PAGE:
War in Ukraine: accountability of crimes committed

Woman taking pictures of a destroyed residential building in Kramatorsk, Ukraine. Woman taking pictures of a destroyed residential building in Kramatorsk, Ukraine. © Yasuyoshi Chiba, AFP

This is a summary of a report by the International Center for Transitional Justice (ICTJ) about the accountability of crimes in the war in Ukraine.

On February 2023, International Center for Transitional Justice (ICTJ) published a report titled “Reflections on Victim-Centred Accountability in Ukraine”, written by Kelli Muddell
and Anna Myriam Roccatello. The aim of the paper is to report and analyse the numerous initiatives taken by Ukrainian authorities and members of the international community to look into and prosecute war crimes and other human rights violations committed in Ukraine since Russia invaded the nation in February 2022. In doing this, the authors consider the different legal tools available to judge war crimes and crimes against humanity, reminding that criminal accountability is just one dimension of justice, and that it is necessary to adopt a case-by-case approach to ensure the judgement of the crimes committed. Particularly, the report highlights the numerous obstacles the international community is facing, and it emphasises how transitional justice methods can be used in conjunction to provide victims with justice and reparations, thus establishing the groundwork for a more inclusive and democratic Ukraine.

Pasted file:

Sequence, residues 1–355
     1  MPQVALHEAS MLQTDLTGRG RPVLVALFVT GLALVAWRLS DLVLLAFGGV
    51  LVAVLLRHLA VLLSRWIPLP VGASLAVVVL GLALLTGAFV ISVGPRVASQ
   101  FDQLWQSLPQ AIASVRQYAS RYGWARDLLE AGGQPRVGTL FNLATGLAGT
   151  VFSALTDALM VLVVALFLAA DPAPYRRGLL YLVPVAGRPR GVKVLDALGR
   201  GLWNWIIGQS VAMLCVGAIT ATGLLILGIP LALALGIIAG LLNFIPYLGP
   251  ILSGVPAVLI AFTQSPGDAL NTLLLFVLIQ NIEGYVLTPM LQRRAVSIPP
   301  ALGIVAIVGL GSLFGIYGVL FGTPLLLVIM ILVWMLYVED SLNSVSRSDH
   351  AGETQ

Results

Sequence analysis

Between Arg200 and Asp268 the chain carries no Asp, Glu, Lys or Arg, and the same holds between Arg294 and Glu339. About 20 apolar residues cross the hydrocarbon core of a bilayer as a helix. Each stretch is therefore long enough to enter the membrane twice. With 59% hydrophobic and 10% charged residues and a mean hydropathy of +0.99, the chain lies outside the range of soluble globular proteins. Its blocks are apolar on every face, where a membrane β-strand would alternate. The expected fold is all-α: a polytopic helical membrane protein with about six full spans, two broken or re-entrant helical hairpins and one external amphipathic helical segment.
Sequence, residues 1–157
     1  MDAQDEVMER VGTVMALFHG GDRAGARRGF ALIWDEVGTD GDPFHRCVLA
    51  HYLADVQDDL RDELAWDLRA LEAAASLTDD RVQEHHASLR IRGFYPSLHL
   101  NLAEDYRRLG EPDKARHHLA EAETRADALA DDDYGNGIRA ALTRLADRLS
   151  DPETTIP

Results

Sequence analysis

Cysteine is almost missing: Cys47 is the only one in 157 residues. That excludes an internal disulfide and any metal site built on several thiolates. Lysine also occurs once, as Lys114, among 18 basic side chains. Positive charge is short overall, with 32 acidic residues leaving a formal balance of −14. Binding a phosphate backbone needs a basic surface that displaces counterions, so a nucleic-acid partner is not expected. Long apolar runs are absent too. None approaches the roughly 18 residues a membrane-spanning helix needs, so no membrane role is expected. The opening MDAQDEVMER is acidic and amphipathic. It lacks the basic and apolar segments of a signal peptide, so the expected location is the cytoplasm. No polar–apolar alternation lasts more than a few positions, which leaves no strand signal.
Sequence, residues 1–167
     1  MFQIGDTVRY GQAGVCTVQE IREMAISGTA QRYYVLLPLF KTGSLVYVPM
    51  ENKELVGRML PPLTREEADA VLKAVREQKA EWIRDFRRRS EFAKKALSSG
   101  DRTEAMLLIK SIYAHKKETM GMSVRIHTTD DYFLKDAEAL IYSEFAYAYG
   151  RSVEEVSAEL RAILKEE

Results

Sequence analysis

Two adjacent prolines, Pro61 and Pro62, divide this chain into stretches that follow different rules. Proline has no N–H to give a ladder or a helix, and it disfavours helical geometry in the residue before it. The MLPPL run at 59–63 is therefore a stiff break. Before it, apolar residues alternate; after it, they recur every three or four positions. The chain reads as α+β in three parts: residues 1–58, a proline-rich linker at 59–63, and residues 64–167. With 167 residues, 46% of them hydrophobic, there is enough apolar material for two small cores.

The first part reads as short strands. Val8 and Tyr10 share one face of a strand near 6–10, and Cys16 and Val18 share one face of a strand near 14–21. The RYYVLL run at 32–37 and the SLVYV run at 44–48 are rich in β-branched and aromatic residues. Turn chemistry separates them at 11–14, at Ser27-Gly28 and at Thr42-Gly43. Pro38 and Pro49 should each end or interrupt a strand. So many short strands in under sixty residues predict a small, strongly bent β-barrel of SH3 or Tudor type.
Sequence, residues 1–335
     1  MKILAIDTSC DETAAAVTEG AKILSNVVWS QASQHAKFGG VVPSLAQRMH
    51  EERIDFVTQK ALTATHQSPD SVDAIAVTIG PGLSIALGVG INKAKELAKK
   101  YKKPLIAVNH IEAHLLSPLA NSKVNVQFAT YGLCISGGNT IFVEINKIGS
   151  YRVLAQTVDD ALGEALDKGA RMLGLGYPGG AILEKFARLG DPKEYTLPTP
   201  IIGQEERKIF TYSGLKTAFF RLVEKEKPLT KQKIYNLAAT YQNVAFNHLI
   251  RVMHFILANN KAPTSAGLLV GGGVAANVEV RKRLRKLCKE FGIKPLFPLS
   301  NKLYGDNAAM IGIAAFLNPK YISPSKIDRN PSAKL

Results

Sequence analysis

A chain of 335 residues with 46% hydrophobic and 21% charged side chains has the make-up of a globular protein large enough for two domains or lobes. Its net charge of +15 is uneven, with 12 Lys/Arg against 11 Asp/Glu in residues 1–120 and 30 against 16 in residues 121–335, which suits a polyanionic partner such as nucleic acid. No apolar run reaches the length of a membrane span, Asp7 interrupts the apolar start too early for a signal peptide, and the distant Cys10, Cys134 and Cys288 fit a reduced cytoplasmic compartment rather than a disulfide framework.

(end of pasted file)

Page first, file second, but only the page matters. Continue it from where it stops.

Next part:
In the first part, the report outlines from a historical point of view the situation in Ukraine from 2014 until the escalation of the conflict on the 24th of February 2022. The authors cover the most relevant issues occurring in those years: the Maidan Revolution in 2014 and the escalation of violence in the eastern part of the country; the illegal annexation of Crimea by the Russian Federation and the infringement of the Minsk Agreements by both parties involved; the escalation of tensions in 2021 and the failed attempt of the US to mediate the situation; Russian president Vladimir Putin ordered the beginning of “a special operation” “to demilitarize and de-Nazify Ukraine and end the alleged genocide of Russians in Ukrainian territory”, formally invading the country. At this point, Russian forces immediately occupied the main cities of the countries, including the capitol, using explosive weapons and bombing both civilian and military objectives, which represents a violation of the main principle of International Humanitarian Law (IHL) of distinction between the objectives, and the immunity of the civilian ones. According to the data reported in the paper issued by the Office of the High Commissioner for Human Rights, it is estimated that over 6,000 civilians have died and more than 9,000 have been injured since the invasion started in February 2022. However, it is believed that the numbers are significantly greater. Significant damage has been done to crucial infrastructure, and millions of people have been forced to leave Ukraine or move to other regions of the nation, creating millions of refugees and Internally Displaced Persons (IDPs). Russian forces have seriously violated international humanitarian and human rights legislation, according to the most recent report of the Independent International Commission of Inquiry on Ukraine (IICIU), which was formed by the UN Human Rights Council in March 2022. The commission documented indiscriminate attacks on civilians and individuals trying to leave the country, summary killings, torture, maltreatment, sexual and gender-based violence (SGBV), illegal detentions, forced deportations, and the bombing of humanitarian corridors.